Saturday, November 29, 2008

Baked Chicken Penne

I got this recipe from the Kraft What's Cooking magazine holiday '08 edition. My 10 year old son made it, under my supervision, and it was delicious! He loves cooking and is going to be a good cook some day. :)

Baked Chicken Penne

1-1/2 cups whole wheat penne, uncooked
1 285 gram package baby spinach
1 T. olive oil
1 lb (450 gr) boneless, skinless chicken breast, cut into bite-size pieces.
6-8 mushrooms, sliced
1 tsp dried basil
1-1/2 cups pasta sauce (half 700 ml jar)
1-2/3 cups canned, diced tomatoes, drained (1/2 large can)
1/4 cup light cream cheese spread
1 cup grated mozzarella cheese
2 T. grated parmesan cheese

Heat oven to 375 degrees.

Cook pasta, adding spinach to boiling water for the last minute. Drain.

Meanwhile, heat olive oil in large skillet. Add chicken and mushrooms and cook over medium heat, stirring frequently, 3-5 minutes.

Add pasta sauce, tomatoes, and basil. Simmer 3-5 minutes, or until chicken is done.

Stir in cream cheese.

Put drained pasta/spinach into a 2 L casserole dish. Pour chicken mixture over the pasta and add 1/2 of the mozzarella. Stir until well-coated.

Bake at 375 for 20 minutes.

Sprinkle remaining mozzarella and parmesan cheese over and bake 3 minutes more, until cheese is melted.

Make 4 servings, 2 cups each serving.

Calories 480
Fat 14grams
Carb 42 grams
Protein 45 grams

Friday, November 28, 2008

Cyberpenguin's Roasted Red Pepper Soup

2 – 2½ lb. red peppers (6-7)
3 Tbsp. olive or vegetable oil
1½ cups yellow onion, chopped
1 c. vegetable broth (or chicken broth, if you prefer.)
2 c. water
1 tsp. salt or to taste
Pinch of Cayenne pepper
8 - 10 fresh basil leaves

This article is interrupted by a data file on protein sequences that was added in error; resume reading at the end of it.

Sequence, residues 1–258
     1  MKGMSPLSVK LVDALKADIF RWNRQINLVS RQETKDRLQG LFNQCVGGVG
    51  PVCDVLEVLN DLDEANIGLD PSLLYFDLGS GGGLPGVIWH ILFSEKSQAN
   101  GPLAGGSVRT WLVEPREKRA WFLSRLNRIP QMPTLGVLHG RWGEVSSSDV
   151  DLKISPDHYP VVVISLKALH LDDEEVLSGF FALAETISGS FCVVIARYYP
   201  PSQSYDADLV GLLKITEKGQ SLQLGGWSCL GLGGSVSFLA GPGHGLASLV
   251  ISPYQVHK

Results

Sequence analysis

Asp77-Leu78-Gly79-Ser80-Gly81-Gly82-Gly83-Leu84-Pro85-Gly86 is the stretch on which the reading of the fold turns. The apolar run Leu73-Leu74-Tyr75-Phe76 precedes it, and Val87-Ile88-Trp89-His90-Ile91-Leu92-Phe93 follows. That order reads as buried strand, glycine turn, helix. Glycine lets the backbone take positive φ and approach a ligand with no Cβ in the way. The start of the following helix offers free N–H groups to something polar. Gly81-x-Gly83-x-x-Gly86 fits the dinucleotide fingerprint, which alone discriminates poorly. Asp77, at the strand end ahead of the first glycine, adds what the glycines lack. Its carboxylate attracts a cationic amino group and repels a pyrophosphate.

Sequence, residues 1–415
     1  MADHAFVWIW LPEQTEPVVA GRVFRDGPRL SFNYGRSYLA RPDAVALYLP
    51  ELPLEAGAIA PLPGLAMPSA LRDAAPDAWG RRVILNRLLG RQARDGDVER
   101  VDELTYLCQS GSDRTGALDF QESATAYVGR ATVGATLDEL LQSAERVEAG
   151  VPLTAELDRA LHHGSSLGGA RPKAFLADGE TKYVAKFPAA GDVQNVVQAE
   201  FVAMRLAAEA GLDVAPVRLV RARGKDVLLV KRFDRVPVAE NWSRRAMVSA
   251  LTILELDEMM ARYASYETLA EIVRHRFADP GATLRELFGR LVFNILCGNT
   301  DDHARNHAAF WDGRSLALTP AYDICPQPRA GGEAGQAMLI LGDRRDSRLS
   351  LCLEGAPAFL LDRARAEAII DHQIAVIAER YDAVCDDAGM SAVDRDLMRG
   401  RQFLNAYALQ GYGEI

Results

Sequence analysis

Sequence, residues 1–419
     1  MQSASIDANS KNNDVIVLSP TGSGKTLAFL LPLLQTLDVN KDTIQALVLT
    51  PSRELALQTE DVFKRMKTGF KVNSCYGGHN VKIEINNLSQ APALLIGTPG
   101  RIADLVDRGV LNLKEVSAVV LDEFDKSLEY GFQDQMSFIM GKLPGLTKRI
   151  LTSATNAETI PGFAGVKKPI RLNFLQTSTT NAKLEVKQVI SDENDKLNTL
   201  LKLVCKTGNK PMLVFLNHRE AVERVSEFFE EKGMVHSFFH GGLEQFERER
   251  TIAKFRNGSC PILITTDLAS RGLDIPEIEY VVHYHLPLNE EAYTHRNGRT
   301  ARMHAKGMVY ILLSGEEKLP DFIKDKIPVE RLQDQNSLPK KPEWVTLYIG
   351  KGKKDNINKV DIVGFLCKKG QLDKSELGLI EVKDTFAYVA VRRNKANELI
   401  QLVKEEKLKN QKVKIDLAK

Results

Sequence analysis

1/3 to ½ c. heavy cream (I recommend substituting w/non-dairy creamer or plain soy milk instead for obvious reasons! ;-))

Directions: Cut peppers in half lengthwise; remove stems, seeds & ribs. Lay cut side down on baking sheet; place under broiler. Roast until skins blister & blacken, 15-20 minutes. Remove & cover with foil. Let cool 10-15 minutes. Peel off skins, chop into medium pieces, & set aside. (Note: This can be done the night before. Refrigerate the pieces in a covered dish. Add the pepper juice to the soup as well.)

Warm oil in large saucepan over medium heat. Add onion & sauté until translucent. Add chicken broth, water, salt and cayenne. Cover partially & bring to a boil. Reduce heat; simmer 15–20 minutes. Add roasted peppers & cook for 10 minutes more.

Drain peppers & onion in colander, reserving liquid. In batches, puree peppers & onions in food processor or blender. Return puree & reserved liquid to saucepan and reheat. Cook, stirring for 3-4 minutes. Stir in lemon juice & cook 1 minute more. Taste & adjust seasonings. Stir in 1/3 of shredded basil. Serve & float 1-2 Tbsp. cream on top & sprinkle with remaining basil. Serves 4.

Wednesday, November 26, 2008

Gwennie's Yellow Split Pea Soup

1 16oz bag yellow split peas
4 cups fat free chicken broth
1 cup water
1 tsp olive oil
1 quick spray of cooking spray
3 medium carrots, chopped
2 medium parsnips, chopped
1 yellow onion, diced
2 cloves garlic, diced
2 tbsp fresh chopped thyme (or more, to taste)
1 or 2 medium bay leaves
salt and pepper, to taste

Add olive oil, a quick spray of cooking spray (to coat) onions, garlic, and thyme to a large pot and sautee until onions are soft.

Add carrots, parsnips and bay leaf, and sautee another 2 to 3 minutes.

In a colander, quickly rinse yellow peas, then add peas, broth, and water to sauteed vegetables.

Stir, and bring to a boil.

Cover and let sit until peas become soft. Add salt and pepper to taste.

(If you have a hand-held puree machine, I like to puree part of the soup while it is still in the pot. I also like to leave part of the soup chunky, so it's half pureed, half chunk. If not, the soup is delicious as it is!)


Tuesday, November 11, 2008

There's Hummus, and Then There's Hummus

Here are a couple of Hummus Recipes that Rambonie posted on his blog, Iron Newman , today. Hummus is a delicious and healthy snack, and I often eat it as the main protein in my lunch. I dip veggies when I'm trying cut down on the bread products.